Everyday Ethics: What Clinicians and Patients Say about Relationships and Why They Work
Since its inception, the field of bioethics has favored a principle-oriented approach, circling around a familiar triumvirate of autonomy, beneficence and justice. Yet in the routine encounters between clinicians and patients these principles, understood as action guides, play only a minor role. Relational capacities and the quality of clinical interactions are far more important aspects of medical and healthcare ethics. This talk presents results from 105 clinician and patient interviews focused on the morally important features of therapeutic relationships. Dr. Churchill argues that what is needed for sound bioethics and professional ethics is less application of principles and more appreciation of the rhythms of vulnerability and responsiveness.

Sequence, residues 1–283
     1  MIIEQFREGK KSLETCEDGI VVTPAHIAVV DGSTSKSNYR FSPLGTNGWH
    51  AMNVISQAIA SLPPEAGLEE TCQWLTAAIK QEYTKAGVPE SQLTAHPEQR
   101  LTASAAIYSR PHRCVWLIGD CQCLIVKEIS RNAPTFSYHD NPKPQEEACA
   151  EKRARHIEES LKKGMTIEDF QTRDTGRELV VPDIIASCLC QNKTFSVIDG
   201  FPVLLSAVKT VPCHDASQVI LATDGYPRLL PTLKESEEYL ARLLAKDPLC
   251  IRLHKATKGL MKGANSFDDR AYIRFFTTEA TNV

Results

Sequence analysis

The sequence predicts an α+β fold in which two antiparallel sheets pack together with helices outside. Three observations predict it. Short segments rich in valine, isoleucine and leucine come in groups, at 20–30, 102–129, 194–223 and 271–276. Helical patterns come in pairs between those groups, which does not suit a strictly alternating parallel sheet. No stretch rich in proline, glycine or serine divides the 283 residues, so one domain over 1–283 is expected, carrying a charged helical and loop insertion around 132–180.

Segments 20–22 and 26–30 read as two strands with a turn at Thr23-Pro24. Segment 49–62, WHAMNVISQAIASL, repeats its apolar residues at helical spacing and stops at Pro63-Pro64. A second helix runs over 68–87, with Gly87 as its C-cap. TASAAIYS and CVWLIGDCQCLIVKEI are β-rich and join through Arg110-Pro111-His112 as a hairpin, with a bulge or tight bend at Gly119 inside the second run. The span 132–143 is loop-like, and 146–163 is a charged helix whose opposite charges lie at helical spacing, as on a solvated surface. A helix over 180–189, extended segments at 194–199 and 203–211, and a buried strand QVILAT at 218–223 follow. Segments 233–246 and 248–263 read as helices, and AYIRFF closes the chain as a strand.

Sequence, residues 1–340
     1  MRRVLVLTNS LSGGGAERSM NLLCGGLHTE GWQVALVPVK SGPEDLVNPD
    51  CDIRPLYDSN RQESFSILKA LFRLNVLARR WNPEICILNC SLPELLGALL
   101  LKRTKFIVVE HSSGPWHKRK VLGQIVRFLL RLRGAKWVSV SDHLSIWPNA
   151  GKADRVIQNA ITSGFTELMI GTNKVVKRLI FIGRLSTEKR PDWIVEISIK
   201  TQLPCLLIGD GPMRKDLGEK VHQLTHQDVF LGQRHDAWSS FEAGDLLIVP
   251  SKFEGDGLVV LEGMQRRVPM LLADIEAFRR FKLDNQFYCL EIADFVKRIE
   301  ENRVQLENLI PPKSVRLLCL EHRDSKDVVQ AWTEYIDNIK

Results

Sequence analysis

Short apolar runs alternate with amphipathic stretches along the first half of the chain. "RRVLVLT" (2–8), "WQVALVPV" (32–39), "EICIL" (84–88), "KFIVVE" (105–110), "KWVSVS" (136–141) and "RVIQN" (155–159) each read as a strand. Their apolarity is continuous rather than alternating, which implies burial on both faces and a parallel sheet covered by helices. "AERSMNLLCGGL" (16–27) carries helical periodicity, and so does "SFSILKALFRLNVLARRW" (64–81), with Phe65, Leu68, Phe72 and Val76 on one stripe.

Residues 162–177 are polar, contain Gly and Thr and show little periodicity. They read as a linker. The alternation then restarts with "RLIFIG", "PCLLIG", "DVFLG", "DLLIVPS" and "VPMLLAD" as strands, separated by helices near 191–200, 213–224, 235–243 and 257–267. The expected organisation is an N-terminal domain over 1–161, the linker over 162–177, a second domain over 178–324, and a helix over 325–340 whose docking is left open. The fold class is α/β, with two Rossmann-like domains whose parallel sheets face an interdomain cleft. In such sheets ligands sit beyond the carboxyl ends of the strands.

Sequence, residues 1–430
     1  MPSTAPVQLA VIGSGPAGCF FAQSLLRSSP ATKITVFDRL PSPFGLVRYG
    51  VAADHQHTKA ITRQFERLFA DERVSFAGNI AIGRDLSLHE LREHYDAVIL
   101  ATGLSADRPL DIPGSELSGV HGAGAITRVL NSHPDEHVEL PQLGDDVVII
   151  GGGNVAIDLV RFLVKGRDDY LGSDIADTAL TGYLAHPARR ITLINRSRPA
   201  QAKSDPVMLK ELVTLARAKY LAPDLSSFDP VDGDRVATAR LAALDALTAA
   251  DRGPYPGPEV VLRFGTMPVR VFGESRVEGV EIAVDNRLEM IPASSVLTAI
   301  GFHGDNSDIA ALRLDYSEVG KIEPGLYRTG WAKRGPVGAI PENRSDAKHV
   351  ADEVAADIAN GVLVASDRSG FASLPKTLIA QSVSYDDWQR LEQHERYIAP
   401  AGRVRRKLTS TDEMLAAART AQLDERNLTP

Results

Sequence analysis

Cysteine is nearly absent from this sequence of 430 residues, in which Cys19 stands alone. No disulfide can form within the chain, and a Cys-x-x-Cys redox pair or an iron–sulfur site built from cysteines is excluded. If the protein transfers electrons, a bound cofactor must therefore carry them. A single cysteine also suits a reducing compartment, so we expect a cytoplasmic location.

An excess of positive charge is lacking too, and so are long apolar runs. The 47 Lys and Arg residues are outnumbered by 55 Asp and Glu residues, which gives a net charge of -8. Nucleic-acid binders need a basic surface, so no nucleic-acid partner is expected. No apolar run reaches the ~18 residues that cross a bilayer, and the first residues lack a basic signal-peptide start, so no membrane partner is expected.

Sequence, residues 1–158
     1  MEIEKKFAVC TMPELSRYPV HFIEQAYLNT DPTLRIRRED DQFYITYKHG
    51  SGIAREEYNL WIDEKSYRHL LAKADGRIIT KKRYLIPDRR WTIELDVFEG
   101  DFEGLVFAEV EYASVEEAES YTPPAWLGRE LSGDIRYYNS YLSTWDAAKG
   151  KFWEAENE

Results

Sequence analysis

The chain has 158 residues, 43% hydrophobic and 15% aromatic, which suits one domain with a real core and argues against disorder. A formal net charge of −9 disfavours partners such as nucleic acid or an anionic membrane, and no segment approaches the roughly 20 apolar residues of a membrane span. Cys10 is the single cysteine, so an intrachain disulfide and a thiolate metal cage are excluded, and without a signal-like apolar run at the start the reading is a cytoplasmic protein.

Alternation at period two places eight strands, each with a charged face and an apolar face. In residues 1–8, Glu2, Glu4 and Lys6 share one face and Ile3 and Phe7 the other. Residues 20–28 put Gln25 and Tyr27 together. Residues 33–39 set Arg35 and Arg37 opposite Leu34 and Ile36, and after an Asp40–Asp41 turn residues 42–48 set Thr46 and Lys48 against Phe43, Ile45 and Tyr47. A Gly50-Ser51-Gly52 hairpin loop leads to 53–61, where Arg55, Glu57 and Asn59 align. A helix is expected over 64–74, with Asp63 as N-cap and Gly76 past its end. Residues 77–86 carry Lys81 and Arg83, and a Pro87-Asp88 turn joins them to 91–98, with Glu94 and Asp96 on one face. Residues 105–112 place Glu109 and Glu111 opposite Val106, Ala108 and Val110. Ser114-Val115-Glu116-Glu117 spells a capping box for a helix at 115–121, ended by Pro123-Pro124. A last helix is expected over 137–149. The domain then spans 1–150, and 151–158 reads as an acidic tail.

Larry Churchill, PhD
Ann Geddes Stahlman Professor of Medical Ethics at Vanderbilt University
Recorded September 25, 2012